In the integration stage, therapists integrate the new problem-solving techniques, which create feelings of satisfaction and hope for the clients.
It is the middle stage, the chaos stage, that is often the hardest on the clients. In this stage, old ways of coping are dismantled, and the pain and confusion caused by underlying issues are revealed. This can be the moment where clients question therapy as they feel “worse” than they did before they started. It is only by leaning into the process and making it to the integration stage that they can see the benefits of this painful middle stage.
4. Everyone is working towards connection, even when they are acting out
People say Satir thought of individuals and their relationships like icebergs.
The behaviors they exhibited were just what showed above the surface. Underneath the surface were things like feelings, perceptions, and coping mechanisms. It was important to Satir that family members begin to see themselves and one another like this as well. She labeled even the worst behaviors, like violence and hateful words, as attempts (albeit maladaptive ones) by individuals to connect with others.
5. Identifying hopes and dreams to work towards is more important than getting rid of “bad behaviors”
Satir wanted to move people away from complaining and towards finding what they wanted to work for.
She highlighted the positive intentions that individuals had in the family, even as they struggled to change their behaviors. Satir believed that reinstalling hope in families and examining old dreams, as well as highlighting new dreams that may be emerging, creates the necessary space for positive change. She encouraged families to let old behaviors fall away naturally as new healthy ideas were explored in service to the family’s dreams.
How does the Virginia Satir therapeutic process continue to influence therapists today?
While Virginia Satir’s life and career are plenty interesting, it was her gender as well as her approach that made her a particularly important clinician in the history of Family Therapy.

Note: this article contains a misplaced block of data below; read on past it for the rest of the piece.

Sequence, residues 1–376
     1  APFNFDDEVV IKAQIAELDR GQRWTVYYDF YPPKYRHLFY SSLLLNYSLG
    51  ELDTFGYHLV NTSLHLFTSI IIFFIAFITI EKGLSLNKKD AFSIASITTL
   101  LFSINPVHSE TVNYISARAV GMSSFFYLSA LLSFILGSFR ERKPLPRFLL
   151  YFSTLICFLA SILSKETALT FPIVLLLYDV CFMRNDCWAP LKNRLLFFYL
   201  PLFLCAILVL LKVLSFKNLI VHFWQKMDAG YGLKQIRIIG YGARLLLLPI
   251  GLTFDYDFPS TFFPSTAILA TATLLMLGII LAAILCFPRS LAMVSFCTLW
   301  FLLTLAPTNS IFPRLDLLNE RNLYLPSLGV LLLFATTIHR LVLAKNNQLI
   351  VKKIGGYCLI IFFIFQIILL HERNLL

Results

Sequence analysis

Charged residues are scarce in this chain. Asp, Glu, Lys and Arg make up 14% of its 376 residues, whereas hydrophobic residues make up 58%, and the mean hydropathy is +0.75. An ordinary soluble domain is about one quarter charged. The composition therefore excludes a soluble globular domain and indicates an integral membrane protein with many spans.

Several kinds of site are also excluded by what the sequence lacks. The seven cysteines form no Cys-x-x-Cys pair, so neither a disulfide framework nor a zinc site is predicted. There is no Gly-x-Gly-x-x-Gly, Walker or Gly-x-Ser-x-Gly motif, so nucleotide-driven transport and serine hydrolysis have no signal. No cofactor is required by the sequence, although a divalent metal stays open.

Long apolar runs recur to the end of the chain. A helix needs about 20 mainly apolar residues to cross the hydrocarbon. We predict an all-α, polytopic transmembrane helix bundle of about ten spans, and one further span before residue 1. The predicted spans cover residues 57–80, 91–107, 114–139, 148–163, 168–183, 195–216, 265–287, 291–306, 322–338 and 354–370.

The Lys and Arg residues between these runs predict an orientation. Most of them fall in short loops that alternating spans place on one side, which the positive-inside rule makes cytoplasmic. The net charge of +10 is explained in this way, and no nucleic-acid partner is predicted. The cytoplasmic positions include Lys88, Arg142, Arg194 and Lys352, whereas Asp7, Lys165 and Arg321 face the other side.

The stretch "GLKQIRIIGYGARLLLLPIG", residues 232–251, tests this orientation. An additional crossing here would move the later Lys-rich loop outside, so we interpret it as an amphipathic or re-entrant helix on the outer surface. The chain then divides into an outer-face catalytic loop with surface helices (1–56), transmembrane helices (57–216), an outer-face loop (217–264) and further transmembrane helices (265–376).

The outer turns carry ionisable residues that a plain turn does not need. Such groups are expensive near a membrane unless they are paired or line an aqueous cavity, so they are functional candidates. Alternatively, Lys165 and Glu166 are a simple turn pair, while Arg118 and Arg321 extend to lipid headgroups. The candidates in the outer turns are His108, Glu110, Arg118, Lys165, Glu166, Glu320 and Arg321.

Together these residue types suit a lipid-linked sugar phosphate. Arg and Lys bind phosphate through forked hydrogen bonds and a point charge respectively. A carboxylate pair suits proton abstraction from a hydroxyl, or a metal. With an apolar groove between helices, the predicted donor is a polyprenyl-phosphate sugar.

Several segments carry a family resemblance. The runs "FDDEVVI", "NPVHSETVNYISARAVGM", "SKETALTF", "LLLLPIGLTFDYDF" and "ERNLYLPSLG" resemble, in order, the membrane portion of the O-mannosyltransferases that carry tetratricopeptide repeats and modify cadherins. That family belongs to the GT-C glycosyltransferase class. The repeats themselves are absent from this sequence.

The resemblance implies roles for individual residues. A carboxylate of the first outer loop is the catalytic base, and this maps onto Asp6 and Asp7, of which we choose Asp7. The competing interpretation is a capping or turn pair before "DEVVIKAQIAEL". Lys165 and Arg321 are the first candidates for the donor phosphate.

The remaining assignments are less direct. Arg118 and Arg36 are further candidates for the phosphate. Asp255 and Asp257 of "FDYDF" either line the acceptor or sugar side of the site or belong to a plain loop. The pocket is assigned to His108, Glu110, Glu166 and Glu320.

At the time that she was emerging as a major figure in her field, Family Therapy was focused on concrete theory, systemic thinking, and interactions (as opposed to emotions). Satir led more with intuition than “logic” and used only a loose model of theory to guide her. This was in stark contrast to other contemporaries in her field who focused on detailed models with more specific interventions, such as Murray Bowen (Family Systems Theory), Salvador Minuchin (Structural Family Therapy), and Jay Haley (Strategic Family Therapy).
It is easy to imagine that Satir faced much criticism from others as one of the only women leaders in her field and an individual who chose to focus on emotions at a time when they were deemphasized. But her work spoke for itself. She helped thousands of families and trained many future clinicians.
It is an impressive and notable feat that, in the face of all that was against her, she was able to stick to her own beliefs and form her own style and school of thought. Her impact was vast, influencing past clinicians like Ivan Boszormenyi-Nagy’s (Contextual Therapy), and continues to impact clinicians today, most notably Sue Johnson (Emotionally Focused Therapy).
About the Author
Sarafina Kietzman-Nicklin, MFT is a CFR Staff Therapist in Philadelphia and Paoli, PA. She is currently accepting new patients. Click here to book an appointment.
You may reach Sarafina at firstname.lastname@example.org or 215-770-2334 ext 4351.